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Write code that is clear and logical. Be detailed in alt text and image descriptions, and at each step consider users who experience your product through alternative technologies.

HTML best practices

Structuring code and navigation

Think of code hierarchy when structuring your content. Be sure screen readers and keyboard-only users can access interactive elements in a logical and predictable order via tabbing. Begin with the header, followed by the main navigation, then page navigation (from left to right, top to bottom), and end with the footer. Keyboard users should encounter an intentional experience that is comparable to the experience of mouse users.

Use semantic HTML

Use native HTML elements as much as you can. These elements have built-in accessibility benefits. They inform screen readers what they are and what they do, and standard interactive elements, such as a button, include keyboard functionality. Aside from making a page accessible, native HTML is easier to develop and maintain, better on mobile, and improves search engine optimization.

<button>Play Video</button>

Use clear language

When adding content, consider cognitive disabilities, anyone whose native language isn’t the language your content is written in, and screen readers. When possible, avoid dashes, abbreviations, acronyms (at least the first time), and table layouts if a table is not needed. If abbreviating, use the native <abbr /> element with title attribute.

"9 to 5" "November" <abbr title="November">Nov</abbr>

Use meaningful text labels

Consider visually impaired people when labeling elements. Make sure there is textual context for screen readers.

<a>Read more about pricing</a>
<a>Click here</a>

Designing accessible data tables

Always specify table headers with <th /> elements, and make sure they stand out. Utilize scope attributes if necessary to specify if they are headers for rows or columns. Utilize alternative text along with tables for visually impaired users. <caption /> is preferred, but <table /> summary works too.

<table summary="Names and Ages of My Coworkers">
Names and Ages of My Coworkers
<th scope="col">Firstname</th>
<th scope="col">Lastname</th>
<th scope="col">Age</th>

Designing accessible data visualizations

Consider visually impaired users when including data visualizations. Consider accompanying visuals with a data table as an alternative for users who rely on screen readers. Also consider color choices for color-blind users.

Multimedia text alternatives

Every image that is not decorative must include alt text with a meaningful description of the image. If the image is decorative, use an empty alt attribute; otherwise the screen reader will read the whole image URL if the alt is left out.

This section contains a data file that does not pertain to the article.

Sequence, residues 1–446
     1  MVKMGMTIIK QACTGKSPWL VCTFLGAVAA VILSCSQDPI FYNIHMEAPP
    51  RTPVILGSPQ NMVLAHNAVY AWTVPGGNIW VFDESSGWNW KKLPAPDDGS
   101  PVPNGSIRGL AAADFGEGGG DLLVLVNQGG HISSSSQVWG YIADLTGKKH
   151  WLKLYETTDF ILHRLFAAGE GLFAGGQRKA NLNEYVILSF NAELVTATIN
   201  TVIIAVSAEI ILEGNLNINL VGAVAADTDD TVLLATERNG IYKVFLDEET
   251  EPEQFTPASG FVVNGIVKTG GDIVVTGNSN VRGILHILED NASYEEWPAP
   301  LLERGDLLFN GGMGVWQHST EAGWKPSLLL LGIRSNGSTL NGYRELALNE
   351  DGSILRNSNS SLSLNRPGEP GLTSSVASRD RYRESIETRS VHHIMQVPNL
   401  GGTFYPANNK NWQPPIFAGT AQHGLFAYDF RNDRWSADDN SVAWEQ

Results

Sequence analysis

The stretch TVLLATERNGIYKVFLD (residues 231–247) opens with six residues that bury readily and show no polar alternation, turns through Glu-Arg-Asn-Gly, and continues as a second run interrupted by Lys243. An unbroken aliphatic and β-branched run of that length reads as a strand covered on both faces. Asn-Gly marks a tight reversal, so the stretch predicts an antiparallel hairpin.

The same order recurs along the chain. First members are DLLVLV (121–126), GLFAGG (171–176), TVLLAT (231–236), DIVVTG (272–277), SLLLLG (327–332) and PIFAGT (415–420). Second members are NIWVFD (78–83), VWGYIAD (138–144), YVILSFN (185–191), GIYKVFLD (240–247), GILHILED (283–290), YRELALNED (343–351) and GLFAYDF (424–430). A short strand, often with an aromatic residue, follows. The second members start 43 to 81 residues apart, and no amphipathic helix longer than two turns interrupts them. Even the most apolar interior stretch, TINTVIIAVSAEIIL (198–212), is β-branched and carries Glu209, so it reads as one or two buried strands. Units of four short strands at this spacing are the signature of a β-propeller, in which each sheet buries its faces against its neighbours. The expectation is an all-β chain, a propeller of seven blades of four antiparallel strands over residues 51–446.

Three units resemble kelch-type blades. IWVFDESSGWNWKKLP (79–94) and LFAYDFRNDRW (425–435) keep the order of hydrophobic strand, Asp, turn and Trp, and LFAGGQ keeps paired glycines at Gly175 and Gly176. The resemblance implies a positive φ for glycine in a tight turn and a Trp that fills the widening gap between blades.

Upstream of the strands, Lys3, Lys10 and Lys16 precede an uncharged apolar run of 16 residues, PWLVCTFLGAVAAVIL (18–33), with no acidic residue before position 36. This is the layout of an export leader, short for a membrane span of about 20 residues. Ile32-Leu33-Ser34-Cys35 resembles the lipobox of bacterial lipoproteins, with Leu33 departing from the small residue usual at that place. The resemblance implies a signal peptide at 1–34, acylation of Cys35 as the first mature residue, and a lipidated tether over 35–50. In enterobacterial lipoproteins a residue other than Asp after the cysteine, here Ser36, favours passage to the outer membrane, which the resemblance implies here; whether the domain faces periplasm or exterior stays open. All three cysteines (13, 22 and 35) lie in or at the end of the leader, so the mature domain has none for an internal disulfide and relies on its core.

Be detailed and succinct
<img src="puppy.jpg" alt="Picture of a sleeping puppy in cup" />
Give decorative images an empty `alt` attribute.
<img src="puppy.jpg" alt="" />

Audio alternatives

Provide closed-captioning with videos or transcriptions of audio files.

<video controls>
<source src="example.mp4" type="video/mp4" />
<source src="example.webm" type="video/webm" />
<track kind="subtitles" src="subtitles_english.vtt" srclang="en" />

Avoid font icon libraries

Use SVG’s instead of font icon libraries.

<svg width="80" height="10">
<line class="line" x1="200" y1="0" x2="0" y2="0" />

Utilize ARIA roles and landmark roles

ARIA (Accessible Rich Internet Application) roles convey the intent or meaning of an element to assistive technology. This helps users navigate when they can’t see the layout and provides further context about different functionalities.

Landmark roles identify regions in a page, and act much like native HTML tags would when it comes to semantics. Signpost roles describe other information about a given element’s functionality on a page. These are especially helpful when building complex, custom interfaces or to reinforce semantics in native HTML elements.

Landmark roles
<nav role="navigation"></nav>
<main role="main"></main>
Signpost roles
<div role="banner">This is a banner.</div>
<div role="tabgroup"><div role="tab"></div></div>
<div role="combobox"></div>
<div role="slider"></div>
<button role="button"></button>

CSS best practices

CSS rule of thumb

You can style a page feature to fit your design, but don’t change it to the point that it doesn’t look or behave as expected.

Style focus indicators

Add styling to tabbable elements on hover and focus, so that keyboard-only users can have a clear visual of where they are navigating. Never suppress the focus indicator altogether.

Hiding elements

When hiding content from a screen reader, consider source order. Use visibility: hidden, along with display: none in your CSS.

Mouse-specific events

Double up mouse-specific events with other events for keyboard-only users.

const foo = document.querySelector('.foo-class');
foo.onmouseover = someFunction();
foo.onmouseout = anotherFunction();